Hand & Eye: Julie Cockburn
As we progress with artistic innovation, creative unconventionality and the broadened horizons of modern art, the physicality of a photograph has taken some increasing interest. Using a process, external to the capabilities of photoshop, artists demonstrate a delicate focus on the physical presence of an image, whether an exhibition or commemorative scrap book. The manipulative tendencies of images that fall in to this chapter, move away from the more screen-based viewing experience we might see today. The aesthetics may not be align with the traditional sense of picturesque appreciation, but, the physicality and its intentions are the appreciative element, rendering the images as a basic form of sculpture amidst the hands-on intervention.
Julie Cockburn creates hand-crafted, surrealist abstractions that are fascinating examples of the materialistic intricacy available to a photographer, but are often looked over. Cockburn collects photographs from Ebay, car-boot sales and charity shops, items previously discarded, lost or forgotten. Then Cockburn applies an enhanced dimensionality to her found images, through means of physical addition, she is able to reincarnate the images’ lost legacy. The narrative of the process is a photographic fairy-tale, a happy ending to the saddened story of loss, insignificance and disrespect induced by the notion of found imagery.
The embroidery, cutting, layered scribbles and other manipulative techniques seek to re-invent, bringing a retired photograph, forgotten and meaningless, back to life. A confirmation of the imagery’s success in doing so, is exemplified by a bizarre encounter that Cockburn experienced. She was contacted by the granddaughter of a women who was featured as a subject. The inquisitor was delighted that an image of her beloved grandmother had surfaced, no other image remained. The woman bought the work from Julie Cockburn and the circuit was complete. She unearths forgotten treasures of the past, initiates her own loving repair, then offers the reincarnated product to the masses, consequentially invoking an awe-inspiring investigation of the geometric, precise and intricate manipulations undertaken.
Interested in the physicality of the material print, within a digitalised society that is quick to skim over such elements of a photograph, Julie Cockburn demonstrates the hand-crafted elegance and intricacy of this classic process, proclaiming herself a ‘perfectionist’. People suggest that the work is aggressive by nature, but, the enchanted nature of photographic reincarnation—as a derivative of appropriation—is by no means aggressive, the purpose is directed at upcycling a previously redundant image. Julie Cockburn meticulously mocks up her detailed designs using photoshop and an experimental cutting, pasting and sewing, before the final direction reveals itself. Cockburn compares this process to ‘having a conversation with the images’ (Cockburn, J. 2014), figuring out the best outcome for the image and its intended consequences.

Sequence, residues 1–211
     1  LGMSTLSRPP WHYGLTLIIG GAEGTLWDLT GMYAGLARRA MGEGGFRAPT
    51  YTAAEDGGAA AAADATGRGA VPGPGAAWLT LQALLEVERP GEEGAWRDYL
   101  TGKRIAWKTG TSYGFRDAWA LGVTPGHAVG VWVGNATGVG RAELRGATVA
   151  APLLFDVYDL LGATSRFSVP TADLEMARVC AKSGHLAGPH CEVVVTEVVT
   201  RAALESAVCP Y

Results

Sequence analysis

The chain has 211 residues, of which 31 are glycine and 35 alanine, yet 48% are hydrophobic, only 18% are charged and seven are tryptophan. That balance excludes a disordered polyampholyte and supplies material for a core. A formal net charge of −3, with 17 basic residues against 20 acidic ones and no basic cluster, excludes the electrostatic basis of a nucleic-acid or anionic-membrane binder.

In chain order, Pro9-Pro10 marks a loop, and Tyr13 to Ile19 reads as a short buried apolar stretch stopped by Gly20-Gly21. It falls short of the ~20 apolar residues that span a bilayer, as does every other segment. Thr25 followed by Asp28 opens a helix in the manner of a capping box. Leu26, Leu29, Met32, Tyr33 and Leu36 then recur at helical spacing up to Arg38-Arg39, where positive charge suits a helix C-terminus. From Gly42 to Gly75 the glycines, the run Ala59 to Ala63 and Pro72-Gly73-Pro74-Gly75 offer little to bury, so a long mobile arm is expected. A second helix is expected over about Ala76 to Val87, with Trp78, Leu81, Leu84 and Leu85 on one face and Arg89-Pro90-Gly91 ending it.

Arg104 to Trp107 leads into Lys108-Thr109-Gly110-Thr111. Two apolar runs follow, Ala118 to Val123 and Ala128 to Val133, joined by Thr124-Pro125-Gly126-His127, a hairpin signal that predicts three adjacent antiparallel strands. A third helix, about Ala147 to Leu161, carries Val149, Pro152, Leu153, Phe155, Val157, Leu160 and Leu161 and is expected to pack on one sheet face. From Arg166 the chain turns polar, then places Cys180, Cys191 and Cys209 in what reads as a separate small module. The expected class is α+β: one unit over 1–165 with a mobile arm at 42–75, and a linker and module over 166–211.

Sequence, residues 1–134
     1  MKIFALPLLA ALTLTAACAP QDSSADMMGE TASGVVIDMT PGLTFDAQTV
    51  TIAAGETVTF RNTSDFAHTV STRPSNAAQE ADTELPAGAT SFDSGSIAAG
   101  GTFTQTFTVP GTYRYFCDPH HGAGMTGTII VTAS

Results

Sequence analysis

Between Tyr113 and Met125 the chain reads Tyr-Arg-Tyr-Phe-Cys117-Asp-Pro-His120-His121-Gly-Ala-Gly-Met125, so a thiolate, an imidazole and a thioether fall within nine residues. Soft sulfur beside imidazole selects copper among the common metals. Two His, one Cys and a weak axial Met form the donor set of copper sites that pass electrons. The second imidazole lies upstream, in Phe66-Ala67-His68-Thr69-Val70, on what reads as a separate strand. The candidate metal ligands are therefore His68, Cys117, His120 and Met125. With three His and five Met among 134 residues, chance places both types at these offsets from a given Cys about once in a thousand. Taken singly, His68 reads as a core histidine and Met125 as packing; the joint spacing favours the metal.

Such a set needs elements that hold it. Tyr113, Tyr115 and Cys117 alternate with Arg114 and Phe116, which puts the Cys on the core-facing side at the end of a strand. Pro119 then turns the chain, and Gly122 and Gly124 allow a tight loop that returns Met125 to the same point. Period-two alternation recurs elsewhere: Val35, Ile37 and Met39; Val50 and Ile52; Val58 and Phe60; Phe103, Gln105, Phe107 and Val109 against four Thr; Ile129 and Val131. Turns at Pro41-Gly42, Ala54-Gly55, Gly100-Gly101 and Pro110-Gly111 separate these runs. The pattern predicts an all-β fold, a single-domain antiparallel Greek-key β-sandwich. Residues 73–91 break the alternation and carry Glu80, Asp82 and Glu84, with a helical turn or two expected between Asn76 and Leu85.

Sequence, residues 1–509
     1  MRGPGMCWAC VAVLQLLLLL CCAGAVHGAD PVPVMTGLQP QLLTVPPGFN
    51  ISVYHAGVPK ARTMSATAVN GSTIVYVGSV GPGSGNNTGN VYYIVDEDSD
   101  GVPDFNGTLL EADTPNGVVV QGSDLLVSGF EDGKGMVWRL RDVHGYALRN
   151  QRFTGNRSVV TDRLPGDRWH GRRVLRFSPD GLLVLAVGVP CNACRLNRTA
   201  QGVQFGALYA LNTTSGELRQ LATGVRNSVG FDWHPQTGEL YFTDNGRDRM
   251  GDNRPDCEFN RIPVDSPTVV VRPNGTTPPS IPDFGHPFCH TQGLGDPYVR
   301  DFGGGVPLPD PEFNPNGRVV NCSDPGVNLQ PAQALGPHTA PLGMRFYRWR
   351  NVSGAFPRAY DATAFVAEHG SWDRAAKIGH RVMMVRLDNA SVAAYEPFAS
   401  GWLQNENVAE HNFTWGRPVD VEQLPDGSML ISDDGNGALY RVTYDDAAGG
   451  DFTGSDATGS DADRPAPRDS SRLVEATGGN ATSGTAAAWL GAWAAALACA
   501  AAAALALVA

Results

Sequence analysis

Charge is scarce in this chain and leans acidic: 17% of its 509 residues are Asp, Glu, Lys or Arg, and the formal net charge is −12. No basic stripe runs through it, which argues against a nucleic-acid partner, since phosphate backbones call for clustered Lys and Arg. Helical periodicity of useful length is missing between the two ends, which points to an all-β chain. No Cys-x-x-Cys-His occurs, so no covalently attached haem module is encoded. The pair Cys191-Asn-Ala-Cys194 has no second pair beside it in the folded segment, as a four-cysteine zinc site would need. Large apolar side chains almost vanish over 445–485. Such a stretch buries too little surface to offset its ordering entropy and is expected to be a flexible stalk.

In the 2014 series, entitled ‘Waiting Room’, Julie Cockburn explores the unspoken relationship and observative interaction between strangers within a waiting room, a place that also resides at an art exhibition. Cockburn sees these social spaces as a location where by your life in put on pause, you have no real purpose, no momentary goals, just time a time of environmental reflection within our immediate surroundings. The structure of the artistically enhancing manipulations are a formulaic depiction in which public interaction might best be represented. As an artistic emittance of the notions of anthropologic interaction, as if a diagram or schematic, the geometrical, abstract and appropriative additions to the original imagery, illustrate the invisible mannerisms of normalised, insignificant and automatic public interaction, when no purposeful task is affront your psychological agenda.
I believe the physicality and intricacy of Julie Cockburn’s photographic process, at the forefront of contemporary photography, shows an artists alternative perspective on a traditionally two-dimensional artistic practice. Surrounded by the gargantuan statues of digitalised development within art, it is easy to forget about the physicality of a print and what it can incur. Julie Cockburn is fighting for the remembrance of a process, traditionally introduced through collage, graphics and painting, that emphasises photographies ability to follow the path of physicality lain down by more hands-one predecessors.
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